Financial education is a topic close to my heart; and it is at the heart of Personal Finance. People need to become better educated about money - for their benefit, but also for the benefit of the economy. The extremely high debt and low savings levels of South Africans may be directly linked to the country’s frighteningly low level of financial literacy.
Recently, I attended a two-day conference in Cape Town on financial education, co-hosted by the Financial Sector Conduct Authority (FSCA) and the Organisation for Economic Co-operation and Development (OECD). Experts from around the world told us about efforts in their countries to educate people about money and financial products and there were some inspiring stories, with speakers sharing tips on what worked for them and what didn’t.
Education and finance authorities in Russia, Brazil, Australia and the Netherlands, among other countries, are seeing positive results from interventions at primary and secondary school level, employee and consumer education programmes, and programmes introducing entrepreneurs to the basics of accounting. Here in South Africa, the FSCA and the Association for Savings and Investment South Africa (Asisa) Foundation are leading financial literacy initiatives in underprivileged communities, among other laudable efforts. (Quite to what extent our government departments of basic and higher education are involved in financial education, I haven’t been able to fully ascertain - it seems not nearly enough.)
Most people would agree that the aim of financial education is to improve financial outcomes for consumers - in other words, it should lead to behavioural change, with people making wiser choices about what they do with their money.
External factors influence our financial decisions: we live in a society in which instant gratification is celebrated and success is measured by the size of the SUV you drive and the designer labels on your clothes. There is an ongoing, pervasive distrust of established financial institutions. And a proliferation of financial products has brought wider choice but at the same time greater complexity in the financial landscape.
Factual knowledge is a given - the more you know, the more informed your decisions will be. But knowledge alone is not enough. For example, most smokers know of the health dangers that smoking poses, yet they continue to do what is bad for them. Some would argue that acquired skills are more important than knowledge. One intriguing way of teaching these is through educational video games (see “Playing games”).
Apart from failing to save, taking on debt and making poor spending decisions, consumers who are not financially savvy are also highly vulnerable to scams. At the conference, Caroline da Silva, the FSCA’s divisional executive for regulatory policy, said there has been a flurry of Ponzi schemes, and consumers have also been lured to websites offering high-risk investments in derivatives and binary options. While the regulator has a role to shut down illegal operations and warn consumers about them, it cannot fully protect all consumers all the time; they must learn to protect themselves through education..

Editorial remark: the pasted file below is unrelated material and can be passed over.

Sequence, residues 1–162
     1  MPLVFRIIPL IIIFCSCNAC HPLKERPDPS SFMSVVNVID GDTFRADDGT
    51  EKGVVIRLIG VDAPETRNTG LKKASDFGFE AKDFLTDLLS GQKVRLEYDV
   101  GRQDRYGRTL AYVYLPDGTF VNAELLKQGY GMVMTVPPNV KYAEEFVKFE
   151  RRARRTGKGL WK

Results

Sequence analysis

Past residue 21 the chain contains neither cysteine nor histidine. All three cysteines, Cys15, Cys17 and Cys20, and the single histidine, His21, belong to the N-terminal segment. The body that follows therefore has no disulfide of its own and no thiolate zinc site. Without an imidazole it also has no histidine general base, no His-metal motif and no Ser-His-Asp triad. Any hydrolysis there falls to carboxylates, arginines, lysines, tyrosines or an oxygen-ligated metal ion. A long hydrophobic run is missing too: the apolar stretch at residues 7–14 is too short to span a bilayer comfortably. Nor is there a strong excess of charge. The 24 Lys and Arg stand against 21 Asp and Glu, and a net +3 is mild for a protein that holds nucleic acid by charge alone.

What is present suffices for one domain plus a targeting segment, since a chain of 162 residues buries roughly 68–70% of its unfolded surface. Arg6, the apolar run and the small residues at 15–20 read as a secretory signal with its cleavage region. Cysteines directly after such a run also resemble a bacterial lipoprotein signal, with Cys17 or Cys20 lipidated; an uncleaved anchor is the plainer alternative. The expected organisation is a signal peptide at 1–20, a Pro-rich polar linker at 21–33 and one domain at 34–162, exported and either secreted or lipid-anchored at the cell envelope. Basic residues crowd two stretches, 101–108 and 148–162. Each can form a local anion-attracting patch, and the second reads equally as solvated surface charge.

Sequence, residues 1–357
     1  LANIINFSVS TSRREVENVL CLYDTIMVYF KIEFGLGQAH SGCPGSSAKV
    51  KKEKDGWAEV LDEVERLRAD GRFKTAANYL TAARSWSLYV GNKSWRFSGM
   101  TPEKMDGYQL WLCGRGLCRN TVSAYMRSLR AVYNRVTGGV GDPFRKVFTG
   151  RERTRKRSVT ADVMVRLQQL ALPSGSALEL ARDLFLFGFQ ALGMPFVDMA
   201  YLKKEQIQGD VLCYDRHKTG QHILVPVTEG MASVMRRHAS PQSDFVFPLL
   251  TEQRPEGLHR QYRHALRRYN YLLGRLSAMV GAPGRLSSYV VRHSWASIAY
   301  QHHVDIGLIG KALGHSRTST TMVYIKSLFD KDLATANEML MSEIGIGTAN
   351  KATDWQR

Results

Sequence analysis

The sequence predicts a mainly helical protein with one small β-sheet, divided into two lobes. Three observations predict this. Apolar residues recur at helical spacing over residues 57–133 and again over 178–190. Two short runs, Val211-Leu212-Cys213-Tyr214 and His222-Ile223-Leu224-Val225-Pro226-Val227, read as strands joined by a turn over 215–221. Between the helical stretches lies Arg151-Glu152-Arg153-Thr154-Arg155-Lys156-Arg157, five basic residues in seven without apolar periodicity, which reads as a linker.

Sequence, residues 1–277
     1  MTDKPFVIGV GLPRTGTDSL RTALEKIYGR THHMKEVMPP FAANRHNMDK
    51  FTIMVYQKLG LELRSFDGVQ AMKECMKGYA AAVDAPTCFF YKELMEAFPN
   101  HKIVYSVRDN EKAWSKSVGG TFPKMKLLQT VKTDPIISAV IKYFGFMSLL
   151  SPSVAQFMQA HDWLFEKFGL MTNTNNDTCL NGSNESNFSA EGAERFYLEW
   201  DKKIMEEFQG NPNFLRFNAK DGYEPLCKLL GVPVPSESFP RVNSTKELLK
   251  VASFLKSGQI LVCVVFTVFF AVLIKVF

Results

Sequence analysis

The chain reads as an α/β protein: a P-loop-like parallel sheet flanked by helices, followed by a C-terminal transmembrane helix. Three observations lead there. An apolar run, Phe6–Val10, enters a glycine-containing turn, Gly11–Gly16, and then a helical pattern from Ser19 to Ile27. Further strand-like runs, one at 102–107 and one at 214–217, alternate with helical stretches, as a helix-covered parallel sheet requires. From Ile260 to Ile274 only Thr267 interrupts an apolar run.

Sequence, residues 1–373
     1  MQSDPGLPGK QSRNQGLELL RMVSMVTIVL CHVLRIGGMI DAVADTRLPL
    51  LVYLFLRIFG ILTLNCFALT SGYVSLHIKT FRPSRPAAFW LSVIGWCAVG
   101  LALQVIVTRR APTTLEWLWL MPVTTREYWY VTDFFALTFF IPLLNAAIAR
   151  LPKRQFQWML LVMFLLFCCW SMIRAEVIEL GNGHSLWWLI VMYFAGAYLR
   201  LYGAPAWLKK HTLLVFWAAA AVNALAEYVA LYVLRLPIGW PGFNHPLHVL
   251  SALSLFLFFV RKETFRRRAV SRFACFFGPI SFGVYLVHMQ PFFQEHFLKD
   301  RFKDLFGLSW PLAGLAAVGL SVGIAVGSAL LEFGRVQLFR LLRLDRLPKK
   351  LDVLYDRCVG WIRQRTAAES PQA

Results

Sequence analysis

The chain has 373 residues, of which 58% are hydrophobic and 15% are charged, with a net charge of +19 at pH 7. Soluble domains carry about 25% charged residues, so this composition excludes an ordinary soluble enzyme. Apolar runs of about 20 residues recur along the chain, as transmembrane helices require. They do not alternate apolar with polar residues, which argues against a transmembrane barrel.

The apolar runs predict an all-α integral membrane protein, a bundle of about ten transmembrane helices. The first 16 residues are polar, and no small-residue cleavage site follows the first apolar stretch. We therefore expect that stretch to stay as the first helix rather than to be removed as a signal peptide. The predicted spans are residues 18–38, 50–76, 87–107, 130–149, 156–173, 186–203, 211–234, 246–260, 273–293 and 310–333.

Da Silva said the FSCA is not a consumer watchdog body. However, under its new mandate under the Financial Sector Regulation Act, it can compel financial institutions to provide consumer education, which is perhaps a world first. She warned, however, that there is still some confusion at corporate level between marketing and education: education should not be product directed with the aim of making a sale.
Da Silva reiterated the importance of firms recognising that educating consumers was not contrary to their business. “Putting consumers at the heart of your business is a good business strategy,” she said.
A big positive I took from the conference is that digital technology is hugely enabling in educating consumers. Millennials tend to be better informed than their parents on financial matters through the power of the smartphone. And fintech start-ups are providing simple, intuitive insurance and investment solutions that have a competitive advantage over established providers whose offerings have only become more complex.
Dr Carmela Aprea from the University of Mannheim discussed child learning programmes using video games. Her team developed an adventure game, Finance Mission Heroes, in which the heroes must fight criminals who have stolen savings from a bank. The players decide on their clothing and weapons, considering the costs and benefits of each item. They are also tempted to buy impressive but unnecessary items. They also have to decide on time allocation for various activities, and on a crime-fighting strategy: they can fight the big bosses and earn more money, but risk massive damage to their equipment, or fight small robots and earn less, but incurring less damage. The players see what they have spent and earned, and see where they can improve. Failure “is an important part of game”.
Created in 2008, the OECD International Network on Financial Education promotes and facilitates international co-operation between policy makers and other stakeholders on financial education issues worldwide. More than 260 public institutions from 119 countries have joined the network.
FSCA CONSUMER EDUCATION
The Consumer Education Department of the FSCA plays an important role in responding to the specific issues and areas of risk facing South African consumers. The CED has provided consumer financial education in South Africa for more than a decade, in accordance with the mandate as specified in the Financial Services Board Act, as amended in the Financial Services Laws General Amendments Act, to “provide, promote or otherwise support financial education, awareness and confidence regarding financial products, institutions and services.’’